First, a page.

Marc Jiggins, Commercial Director at Yodel suggested, “During the pandemic, the volume of Beers, Wines and Spirits parcels delivered by Yodel increased by 71% as consumers turned to online purchases whilst hospitality locations were closed. As the world returned to normal, consumers have returned to these venues and parcel volumes in this category have subsided – albeit still higher than pre-pandemic levels. A key opportunity going forward for online, alcohol retailers will be price. As the cost of living continues to rise there will be increased pressure on disposable income for consumers who may choose to drink at home once again, rather than incur the increased costs of a night out.”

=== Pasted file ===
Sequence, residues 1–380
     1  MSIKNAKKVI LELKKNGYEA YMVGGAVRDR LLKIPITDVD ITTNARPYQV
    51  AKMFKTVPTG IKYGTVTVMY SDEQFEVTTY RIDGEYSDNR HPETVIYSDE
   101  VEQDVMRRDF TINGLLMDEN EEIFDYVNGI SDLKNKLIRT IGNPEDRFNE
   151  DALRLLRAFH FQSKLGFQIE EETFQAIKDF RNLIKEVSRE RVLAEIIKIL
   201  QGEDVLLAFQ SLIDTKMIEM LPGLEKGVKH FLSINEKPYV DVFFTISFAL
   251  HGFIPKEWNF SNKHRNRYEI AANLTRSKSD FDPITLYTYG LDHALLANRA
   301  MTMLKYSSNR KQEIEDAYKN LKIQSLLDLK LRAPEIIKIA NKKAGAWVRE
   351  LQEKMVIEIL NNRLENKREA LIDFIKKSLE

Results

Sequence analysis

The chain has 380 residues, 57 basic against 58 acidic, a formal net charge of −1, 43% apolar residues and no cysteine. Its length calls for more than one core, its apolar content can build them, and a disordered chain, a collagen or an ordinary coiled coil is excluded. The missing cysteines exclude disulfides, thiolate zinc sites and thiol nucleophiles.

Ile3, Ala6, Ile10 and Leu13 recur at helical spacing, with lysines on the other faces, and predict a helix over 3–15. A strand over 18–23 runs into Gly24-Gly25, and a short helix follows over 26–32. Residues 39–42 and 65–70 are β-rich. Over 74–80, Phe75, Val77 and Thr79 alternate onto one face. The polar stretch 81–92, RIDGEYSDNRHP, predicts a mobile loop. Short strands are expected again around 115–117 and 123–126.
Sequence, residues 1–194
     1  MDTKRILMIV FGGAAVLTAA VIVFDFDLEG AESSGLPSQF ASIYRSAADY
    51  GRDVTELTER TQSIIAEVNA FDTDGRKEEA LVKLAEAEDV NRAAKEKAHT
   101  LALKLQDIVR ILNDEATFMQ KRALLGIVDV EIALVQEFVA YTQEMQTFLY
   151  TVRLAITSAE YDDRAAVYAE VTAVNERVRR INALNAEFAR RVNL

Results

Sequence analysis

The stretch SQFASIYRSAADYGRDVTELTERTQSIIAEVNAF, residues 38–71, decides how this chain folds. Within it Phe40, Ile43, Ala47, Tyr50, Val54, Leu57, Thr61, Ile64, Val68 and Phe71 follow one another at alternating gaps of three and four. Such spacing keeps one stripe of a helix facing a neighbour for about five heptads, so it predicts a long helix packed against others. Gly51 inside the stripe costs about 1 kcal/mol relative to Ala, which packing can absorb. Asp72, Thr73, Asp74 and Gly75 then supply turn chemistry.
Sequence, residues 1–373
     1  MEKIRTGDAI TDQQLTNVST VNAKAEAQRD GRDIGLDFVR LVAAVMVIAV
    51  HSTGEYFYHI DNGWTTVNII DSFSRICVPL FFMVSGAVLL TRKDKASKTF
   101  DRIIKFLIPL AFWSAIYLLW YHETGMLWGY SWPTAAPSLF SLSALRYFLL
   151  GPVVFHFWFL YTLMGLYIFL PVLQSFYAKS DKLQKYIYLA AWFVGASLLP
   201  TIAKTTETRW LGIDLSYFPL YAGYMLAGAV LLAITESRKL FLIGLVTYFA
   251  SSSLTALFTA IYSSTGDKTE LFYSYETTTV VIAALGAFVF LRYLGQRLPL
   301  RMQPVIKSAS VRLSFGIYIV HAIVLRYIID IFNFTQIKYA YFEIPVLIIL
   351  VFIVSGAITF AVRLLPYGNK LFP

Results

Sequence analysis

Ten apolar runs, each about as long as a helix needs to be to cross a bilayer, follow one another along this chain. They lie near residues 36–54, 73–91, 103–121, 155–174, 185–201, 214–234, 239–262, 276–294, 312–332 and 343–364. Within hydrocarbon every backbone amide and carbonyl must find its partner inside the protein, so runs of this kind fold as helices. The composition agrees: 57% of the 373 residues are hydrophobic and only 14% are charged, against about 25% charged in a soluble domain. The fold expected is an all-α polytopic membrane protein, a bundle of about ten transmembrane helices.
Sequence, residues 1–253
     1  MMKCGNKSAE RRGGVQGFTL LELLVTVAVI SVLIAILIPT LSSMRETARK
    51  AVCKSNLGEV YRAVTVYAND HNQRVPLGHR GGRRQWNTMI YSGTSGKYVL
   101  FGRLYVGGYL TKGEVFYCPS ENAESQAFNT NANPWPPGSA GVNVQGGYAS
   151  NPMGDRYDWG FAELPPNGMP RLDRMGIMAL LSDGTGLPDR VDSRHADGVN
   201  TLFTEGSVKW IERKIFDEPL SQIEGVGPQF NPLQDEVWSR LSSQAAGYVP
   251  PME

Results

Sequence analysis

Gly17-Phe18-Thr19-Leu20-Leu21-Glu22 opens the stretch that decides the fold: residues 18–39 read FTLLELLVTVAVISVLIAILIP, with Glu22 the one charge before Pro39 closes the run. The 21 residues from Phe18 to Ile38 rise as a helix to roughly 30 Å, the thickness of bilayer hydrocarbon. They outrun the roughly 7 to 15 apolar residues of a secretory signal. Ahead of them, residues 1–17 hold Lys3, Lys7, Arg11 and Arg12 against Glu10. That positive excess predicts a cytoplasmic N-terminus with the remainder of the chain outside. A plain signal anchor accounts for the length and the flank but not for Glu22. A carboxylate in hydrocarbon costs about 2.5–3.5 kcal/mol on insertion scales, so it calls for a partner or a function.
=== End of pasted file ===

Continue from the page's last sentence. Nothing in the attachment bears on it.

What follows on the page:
Richard Illingworth, Business Development Manager at Huboo, observed, “An increased consumer appetite for beers, wines, and spirits over the past few years. With this increase has also come a transition from in-person purchases to a boom in ecommerce sales for BWS. The pandemic certainly accelerated this shift, but even now, in a downward-trend market, we are seeing year-on-year growth at Huboo in our BWS category which is made up of customers selling alcohol online.